Anti-Bullying Week 15 – 19 November 2021

This Anti-Bullying Week we wanted to share some information with you from one of our Young People’s Mental Health Practitioners.

This year the theme for Anti-Bullying Week is “One Kind Word” which is based on feedback that the week should be about hope and the positive and kind things we can do to halt hurtful behaviour in its tracks.

There are different forms of bullying including:

  • Cyber/ social media- malicious messaging, sharing private images, imitating others online
  • Physical bullying – tripping, punching, nipping, stalking
  • Social – encouraging exclusion of someone, spreading rumours/ lying, mimicking
  • Verbal – teasing, insulting, swearing, racist or homophobic remarks

Bullying can make someone feel isolated/ alone and feel that they have no one to talk to. It can give them an increased feeling of sadness/ depression or anxiety. For children in schools it can have an effect on their academic achievement and concentration within class.

Warning signs that someone may be being bullied might include:

  • Seeming withdrawn and/or anxious
  • Decreased self-esteem and confidence
  • Increased use of phone – in cases of cyber bullying
  • Declining academic achievement
  • Wanting to stay of school/ increased physical illnesses
  • Property being destroyed or lost

Mate crime

You may have heard of the terms mate crime and hate crime. Maybe you have experienced it but did not know it was a form of bullying. Mate crime is when someone says they are your friend, but they do things that take advantage of you, like ask you for money.

If you are being bullied (or are concerned that someone you know is) we would recommend:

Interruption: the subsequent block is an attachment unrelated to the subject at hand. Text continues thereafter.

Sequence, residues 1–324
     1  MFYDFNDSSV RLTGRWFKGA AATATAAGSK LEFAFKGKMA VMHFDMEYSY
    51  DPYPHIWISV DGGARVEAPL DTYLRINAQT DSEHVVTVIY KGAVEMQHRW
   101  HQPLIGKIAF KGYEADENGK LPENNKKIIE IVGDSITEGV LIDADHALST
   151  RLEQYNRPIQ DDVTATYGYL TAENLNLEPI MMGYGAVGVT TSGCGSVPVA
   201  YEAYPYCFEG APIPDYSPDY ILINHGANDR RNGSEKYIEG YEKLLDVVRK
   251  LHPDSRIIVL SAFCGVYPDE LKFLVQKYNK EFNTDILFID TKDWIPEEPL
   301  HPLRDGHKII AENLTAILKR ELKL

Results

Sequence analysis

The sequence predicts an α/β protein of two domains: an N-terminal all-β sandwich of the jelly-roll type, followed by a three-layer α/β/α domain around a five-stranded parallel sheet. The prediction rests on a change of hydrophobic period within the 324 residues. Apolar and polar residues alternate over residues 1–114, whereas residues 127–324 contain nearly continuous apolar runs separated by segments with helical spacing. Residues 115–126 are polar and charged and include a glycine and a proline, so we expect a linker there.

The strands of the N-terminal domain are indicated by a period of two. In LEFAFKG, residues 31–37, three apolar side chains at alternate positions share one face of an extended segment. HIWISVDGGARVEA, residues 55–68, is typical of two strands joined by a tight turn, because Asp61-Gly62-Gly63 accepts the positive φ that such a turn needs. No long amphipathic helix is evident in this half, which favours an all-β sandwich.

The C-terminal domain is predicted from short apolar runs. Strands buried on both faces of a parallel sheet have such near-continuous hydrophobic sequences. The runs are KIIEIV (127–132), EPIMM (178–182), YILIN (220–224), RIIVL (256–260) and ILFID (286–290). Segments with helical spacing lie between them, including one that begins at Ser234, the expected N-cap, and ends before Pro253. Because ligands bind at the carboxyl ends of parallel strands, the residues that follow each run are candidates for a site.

• Communication with others – whether this be a parent/ carer or a friend talking about what is happening to you
  • Reporting it – if it is within school reporting bullying to a professional/teacher or pastoral lead so action can be taken. If you do not feel comfortable doing that most schools have a counsellor/ welfare officer or school nurse you can also report this to. If it continues to happen then incidents need to be reported each time until it stops. Bullying can also be reported via police/ law enforcement if a crime has been committed, such as threats/ assault.
  • If it is cyber bullying you can report this via online platforms on social media pages, you can block the account or change privacy settings so you can control who contacts you
  • Keeping a record of what is happening to you as evidence, text messages/ photos/ emails or posts
  • Learning stress management techniques, such as grounding / breathing to cope with feelings of anxiety/ stress. Find out more via our self-care hub.
  • Reaching out to organisations for support like Childline or Manchester Mind can offer a listening ear, advice or someone to talk to.

Most importantly be kind to yourself and do something that makes you feel good and remember to also be kind to others.